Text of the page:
R is for relaxation. In a yoga class the relaxation at the end is just as important as any other part. However, sometimes there’s a temptation to think we get more from the physical activity and we might even skip over the relaxation because we want or feel the need to get on with our day. But it’s actually during the relaxation that the body heals and integrates the energy generated through the physical postures. This is true of life in general: we need to relax every day, to spend time in the parasympathetic nervous system (the one which grounds us, like a parachute!) rather than constantly being in the sympathetic nervous system (flight or flight mode, feeling wired, running on adrenaline). The parasympathetic nervous system is where we rest and digest, where the body can relax and renew and where our experiences and feelings can integrate. If we don’t have this relaxation time we just keep filling up to saturation point and nothing can digest – we feel overwhelmed and lack clarity.
Relaxation is an art and the more we practise it the more easily and deeply we can relax. At the Sanctuary a lot of time is devoted to relaxation; it even features specifically on the daily schedule. Why not try creating space in your daily schedule to relax – write it in your diary, whether it’s for 10 minutes or a whole evening. Relaxation is not a luxury, it’s a basic human need.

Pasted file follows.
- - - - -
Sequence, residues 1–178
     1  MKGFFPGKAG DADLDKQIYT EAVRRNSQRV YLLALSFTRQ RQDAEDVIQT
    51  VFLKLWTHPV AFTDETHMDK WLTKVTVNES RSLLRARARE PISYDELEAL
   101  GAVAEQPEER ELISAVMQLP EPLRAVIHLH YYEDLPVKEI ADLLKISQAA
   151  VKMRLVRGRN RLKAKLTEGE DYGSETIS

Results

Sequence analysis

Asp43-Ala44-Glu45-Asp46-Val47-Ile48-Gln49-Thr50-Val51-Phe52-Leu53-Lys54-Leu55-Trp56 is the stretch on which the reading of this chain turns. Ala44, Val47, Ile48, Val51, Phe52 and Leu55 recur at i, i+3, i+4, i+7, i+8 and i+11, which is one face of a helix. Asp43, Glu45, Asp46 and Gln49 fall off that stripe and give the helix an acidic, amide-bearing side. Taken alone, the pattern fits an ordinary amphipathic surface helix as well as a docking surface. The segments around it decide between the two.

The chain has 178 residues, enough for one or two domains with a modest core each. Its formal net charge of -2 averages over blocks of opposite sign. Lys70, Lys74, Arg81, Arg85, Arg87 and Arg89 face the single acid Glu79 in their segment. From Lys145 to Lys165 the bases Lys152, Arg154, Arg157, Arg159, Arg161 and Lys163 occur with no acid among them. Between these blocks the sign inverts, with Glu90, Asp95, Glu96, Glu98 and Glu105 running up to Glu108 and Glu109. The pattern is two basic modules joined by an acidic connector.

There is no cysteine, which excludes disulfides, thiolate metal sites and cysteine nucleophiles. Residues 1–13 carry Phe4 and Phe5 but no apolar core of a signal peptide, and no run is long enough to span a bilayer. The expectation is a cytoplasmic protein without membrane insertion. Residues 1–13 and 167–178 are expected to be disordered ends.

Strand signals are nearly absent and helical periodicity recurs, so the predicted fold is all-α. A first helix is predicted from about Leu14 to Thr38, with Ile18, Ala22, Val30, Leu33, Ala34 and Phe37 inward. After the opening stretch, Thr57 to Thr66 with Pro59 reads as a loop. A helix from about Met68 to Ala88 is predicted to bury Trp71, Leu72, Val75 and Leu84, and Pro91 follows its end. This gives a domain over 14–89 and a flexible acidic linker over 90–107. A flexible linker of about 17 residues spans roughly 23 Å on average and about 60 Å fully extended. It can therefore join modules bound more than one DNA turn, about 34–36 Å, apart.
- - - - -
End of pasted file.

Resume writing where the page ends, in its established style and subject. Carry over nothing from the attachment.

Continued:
Y is for yoga and meditation, of course! And at the Sanctuary this is how the days start and end. In the morning we practise on the beach, illuminated by the soft and beautiful sunrise, and in the evening we come together on the yoga shala, with an audience of monkeys watching us from the mangrove forest! I teach Kundalini yoga, an ancient and powerful system of physical, mental and spiritual well-being. Kundalini yoga combines postures, pranayam (breath), mantra (sound) and meditation to balance and strengthen the glandular, immune and nervous systems, release stress and help us to feel more alive and connected. It brings our natural rhythms back into harmony and helps us come home to ourselves as we transform self-imposed limitations and start to experience our full potential.
Many guests leave the Sanctuary wanting to continue with the yoga and meditation they have learned here. Developing a daily practice (Sadhana) is one of the best things you can do for yourself because whether it’s for a few minutes or for a few hours, this is our time set aside each day to turn inwards and connect to our Higher Self. It’s where we build our physical, mental and spiritual fitness and start to transform and grow into our potential. It’s our anchor for the healthy habits we want to instil and helps us feel grounded and able to thrive under the pressures of modern life.
A tradition of Kundalini yoga is to practice a particular kriya (sequence) or meditation for 40 days as this is the time taken to establish new habits and really feel the full effects of the kriya or meditation you have chosen. Having a Sadhana is like planting a seed of spiritual growth, watering and nurturing it each day and then seeing it grow into its fullest and most radiant bloom!
I returned home with a heart full of gratitude, my life forever richer and forever changed by the people I met and the experiences I had during my stay – thank you Sen Wellness Sanctuary!
– Eleanor Phelan, Resident Yoga Teacher